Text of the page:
Nightmare In Japan As Stocks Collapse Amid Yen Surge

It was a black day for equities in Asia and Japan was hit especially hard.

By the time it was over, the Nikkei was lower by 4.5% and at one point, it was down the most since the U.S. election.


Needless to say, the surging yen didn’t help matters as the risk-off sentiment drove USDJPY beyond 105 for the first time in 16 months.


“Uncertainty over trade tensions between China and the U.S. hurt sentiment toward the dollar-yen as there is no clear technical support following the drop below 105,” Koji Fukaya, CEO at FPG Securities in Tokyo told Bloomberg on Friday.

The BoJ is in a particularly difficult spot here. The U.S. (whether Larry Kudlow admits it or not) has adopted a weak dollar policy by proxy and thanks to the fact that the addition of YCC to the policy mix has led to a steady taper of JGB purchases, Kuroda has a tough time convincing the market that any increase in JGB buying at regular ops is anything other than a temporary concession to calm markets.


That’s why, as Goldman wrote earlier this month, the January 9 trimming of 10-25Y purchases was met with a sustainable dip in USDJPY while the subsequent attempt to effectively negate the hawkish impact of that at the next op was quickly faded.


This is going to become a big deal at some point because it effectively means the BoJ is trapped. They have no way to lean against yen appreciation. The only way out for Japan would be overt currency intervention (a non-starter given Trump, trade, and bowling balls) or else the BoJ buying foreign bonds which would be immediately seen for what it is (a rather thinly-veiled attempt to couch FX intervention in terms of monetary policy efficacy). Here are some notable (given the circumstances) highlights from Wakatabe’s cameo in parliament:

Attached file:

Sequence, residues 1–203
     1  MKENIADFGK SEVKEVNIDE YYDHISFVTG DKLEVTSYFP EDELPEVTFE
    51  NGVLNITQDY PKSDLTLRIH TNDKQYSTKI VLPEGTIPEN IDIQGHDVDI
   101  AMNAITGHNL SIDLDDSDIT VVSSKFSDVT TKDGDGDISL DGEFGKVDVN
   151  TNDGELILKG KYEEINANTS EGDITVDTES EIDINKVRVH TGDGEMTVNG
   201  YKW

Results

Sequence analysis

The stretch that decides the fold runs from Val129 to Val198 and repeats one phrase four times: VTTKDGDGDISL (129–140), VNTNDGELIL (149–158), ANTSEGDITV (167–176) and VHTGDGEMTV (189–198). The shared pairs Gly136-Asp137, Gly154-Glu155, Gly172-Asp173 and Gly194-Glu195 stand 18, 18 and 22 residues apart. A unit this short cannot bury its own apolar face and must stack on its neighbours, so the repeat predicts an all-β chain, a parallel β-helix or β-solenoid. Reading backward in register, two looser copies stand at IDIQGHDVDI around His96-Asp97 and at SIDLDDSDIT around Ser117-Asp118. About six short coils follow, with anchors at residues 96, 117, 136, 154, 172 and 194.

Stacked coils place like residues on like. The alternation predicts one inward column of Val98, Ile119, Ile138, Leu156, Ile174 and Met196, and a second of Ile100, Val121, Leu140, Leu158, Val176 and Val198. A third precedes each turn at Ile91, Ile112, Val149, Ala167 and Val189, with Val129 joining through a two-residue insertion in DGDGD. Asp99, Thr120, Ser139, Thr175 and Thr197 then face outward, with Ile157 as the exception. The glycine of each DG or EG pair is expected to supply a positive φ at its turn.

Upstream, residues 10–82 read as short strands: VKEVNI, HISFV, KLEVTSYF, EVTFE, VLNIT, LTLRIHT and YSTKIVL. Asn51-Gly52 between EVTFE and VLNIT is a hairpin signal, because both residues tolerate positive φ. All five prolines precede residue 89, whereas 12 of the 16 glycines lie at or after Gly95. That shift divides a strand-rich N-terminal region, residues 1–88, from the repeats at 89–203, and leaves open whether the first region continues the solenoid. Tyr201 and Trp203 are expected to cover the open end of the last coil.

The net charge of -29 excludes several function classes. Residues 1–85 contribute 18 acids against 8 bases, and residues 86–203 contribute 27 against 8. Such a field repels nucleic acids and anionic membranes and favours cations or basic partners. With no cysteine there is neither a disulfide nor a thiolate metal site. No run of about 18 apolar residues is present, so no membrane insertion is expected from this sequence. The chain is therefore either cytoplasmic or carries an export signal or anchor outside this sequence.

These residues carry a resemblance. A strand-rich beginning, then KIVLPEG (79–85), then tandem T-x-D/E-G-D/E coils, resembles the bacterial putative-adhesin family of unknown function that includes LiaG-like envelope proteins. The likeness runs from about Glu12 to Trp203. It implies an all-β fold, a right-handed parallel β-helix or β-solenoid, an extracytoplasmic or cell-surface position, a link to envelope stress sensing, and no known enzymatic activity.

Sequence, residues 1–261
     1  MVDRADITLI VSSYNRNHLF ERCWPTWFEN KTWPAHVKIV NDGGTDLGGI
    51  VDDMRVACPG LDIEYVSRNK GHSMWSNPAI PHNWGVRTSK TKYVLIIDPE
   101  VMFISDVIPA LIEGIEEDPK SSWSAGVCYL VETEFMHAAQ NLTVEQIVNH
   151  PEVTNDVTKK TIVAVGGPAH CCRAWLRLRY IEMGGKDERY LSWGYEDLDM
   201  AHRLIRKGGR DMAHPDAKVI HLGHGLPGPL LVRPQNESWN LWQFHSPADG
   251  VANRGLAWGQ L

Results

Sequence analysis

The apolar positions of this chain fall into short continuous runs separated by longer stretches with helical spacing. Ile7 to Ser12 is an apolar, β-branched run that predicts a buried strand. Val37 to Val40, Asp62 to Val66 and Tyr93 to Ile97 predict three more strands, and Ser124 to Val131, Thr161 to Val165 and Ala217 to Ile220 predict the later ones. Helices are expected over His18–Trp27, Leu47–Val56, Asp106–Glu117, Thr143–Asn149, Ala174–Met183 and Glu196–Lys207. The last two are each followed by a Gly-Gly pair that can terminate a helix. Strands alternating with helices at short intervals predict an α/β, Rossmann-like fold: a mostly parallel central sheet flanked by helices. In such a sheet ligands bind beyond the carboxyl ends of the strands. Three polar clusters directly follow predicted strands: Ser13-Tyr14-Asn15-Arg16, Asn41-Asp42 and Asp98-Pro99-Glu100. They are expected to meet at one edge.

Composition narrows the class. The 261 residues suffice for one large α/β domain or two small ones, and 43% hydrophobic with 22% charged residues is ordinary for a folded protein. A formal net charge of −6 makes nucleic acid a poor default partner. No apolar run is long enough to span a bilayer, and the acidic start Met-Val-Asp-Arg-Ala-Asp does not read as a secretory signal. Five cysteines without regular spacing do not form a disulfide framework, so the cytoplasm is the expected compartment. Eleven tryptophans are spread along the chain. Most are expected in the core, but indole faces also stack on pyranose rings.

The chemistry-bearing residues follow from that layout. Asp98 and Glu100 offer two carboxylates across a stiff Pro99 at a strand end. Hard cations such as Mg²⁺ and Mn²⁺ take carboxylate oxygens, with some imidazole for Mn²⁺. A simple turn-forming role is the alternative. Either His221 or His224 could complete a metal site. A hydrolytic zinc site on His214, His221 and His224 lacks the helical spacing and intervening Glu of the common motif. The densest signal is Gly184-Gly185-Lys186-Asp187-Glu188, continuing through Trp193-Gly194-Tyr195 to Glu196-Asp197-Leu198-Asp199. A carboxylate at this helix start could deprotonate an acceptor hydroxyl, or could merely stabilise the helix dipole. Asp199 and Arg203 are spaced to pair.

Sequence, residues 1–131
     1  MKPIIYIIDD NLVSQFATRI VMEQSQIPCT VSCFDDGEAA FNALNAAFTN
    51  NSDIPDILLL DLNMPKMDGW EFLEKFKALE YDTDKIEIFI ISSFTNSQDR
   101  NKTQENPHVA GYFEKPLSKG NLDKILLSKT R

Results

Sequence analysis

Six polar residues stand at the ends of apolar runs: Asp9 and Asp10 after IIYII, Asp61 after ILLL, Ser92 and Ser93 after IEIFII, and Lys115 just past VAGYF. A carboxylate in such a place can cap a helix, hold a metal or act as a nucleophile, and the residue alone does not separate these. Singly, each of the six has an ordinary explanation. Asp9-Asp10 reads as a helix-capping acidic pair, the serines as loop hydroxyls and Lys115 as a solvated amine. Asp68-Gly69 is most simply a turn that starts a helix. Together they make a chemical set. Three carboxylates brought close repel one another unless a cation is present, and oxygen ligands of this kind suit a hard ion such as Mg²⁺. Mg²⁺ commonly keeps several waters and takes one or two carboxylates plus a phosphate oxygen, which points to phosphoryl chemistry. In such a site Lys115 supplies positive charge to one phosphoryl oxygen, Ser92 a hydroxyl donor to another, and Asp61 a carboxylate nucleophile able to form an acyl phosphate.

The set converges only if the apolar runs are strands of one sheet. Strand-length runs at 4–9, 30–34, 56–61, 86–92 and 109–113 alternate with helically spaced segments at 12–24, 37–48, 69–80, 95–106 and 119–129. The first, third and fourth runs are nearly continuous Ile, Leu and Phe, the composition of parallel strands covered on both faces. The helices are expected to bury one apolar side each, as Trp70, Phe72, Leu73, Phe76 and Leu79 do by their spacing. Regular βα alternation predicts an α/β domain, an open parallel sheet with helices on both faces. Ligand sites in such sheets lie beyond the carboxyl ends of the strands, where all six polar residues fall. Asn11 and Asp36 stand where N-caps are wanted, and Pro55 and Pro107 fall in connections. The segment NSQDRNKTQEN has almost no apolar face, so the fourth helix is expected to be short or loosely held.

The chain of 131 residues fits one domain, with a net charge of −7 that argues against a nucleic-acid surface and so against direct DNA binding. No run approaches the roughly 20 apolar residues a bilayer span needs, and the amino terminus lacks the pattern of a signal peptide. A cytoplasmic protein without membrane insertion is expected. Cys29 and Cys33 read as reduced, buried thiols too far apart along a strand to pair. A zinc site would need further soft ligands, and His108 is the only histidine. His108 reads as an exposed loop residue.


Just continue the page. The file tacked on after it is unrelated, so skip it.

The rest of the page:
• Bank of Japan Deputy Governor Masazumi Wakatabe says the BOJ law doesn’t allow the central bank to buy U.S. government bonds to influence foreign exchange rates.
  • Wakatabe responds to questions by a lawmaker in parliament
  • The finance ministry is responsible for currency policy
  • The BOJ shouldn’t hesitate to add stimulus if needed
  • The BOJ shouldn’t have any preconceptions and should consider all options for easing if needed
  • Synergy effects of fiscal and monetary policy are important
  • Free trade is very important for the global economy

The land scandal just makes that situation even more precarious as any bad political news for Abe is yen positive as it raises questions about the durability of the BoJ’s easing bias (and about the durability of Abenomics as a whole).

10Y JGB yields fell on Friday and are now at their lowest since November leading the JGB curve to bull flatten. As Bloomberg notes, “in addition to risk-off moves, fiscal year-end flows are in play with expectations for long-end buying [and] JPY money market rates are being driven by this with 1-week JGB repo dropping 20bps this week to the lowest levels since year-end 2017.”


“The market may need to consider possible further monetary easing from the BOJ should the dollar fall below 100 yen,” Tadashi Matsukawa, head of fixed-income investment at PineBridge Investments Japan said on Friday, adding that “downward pressure on USD/JPY is increasing due to the political scandal surrounding Japan’s Prime Minister Abe, wariness over the trade war and some bearish economic indicators in the U.S., Europe and Japan.”

But again, there’s only so much they can do here because just about the last thing Abe needs is a situation where the BoJ does something that’s viewed by Washington as indicative of currency manipulation. And outright FX intervention would be a slap in the face to Trump.

The Topix plunged 3.6% on Friday, to its lowest since before the Japanese election:


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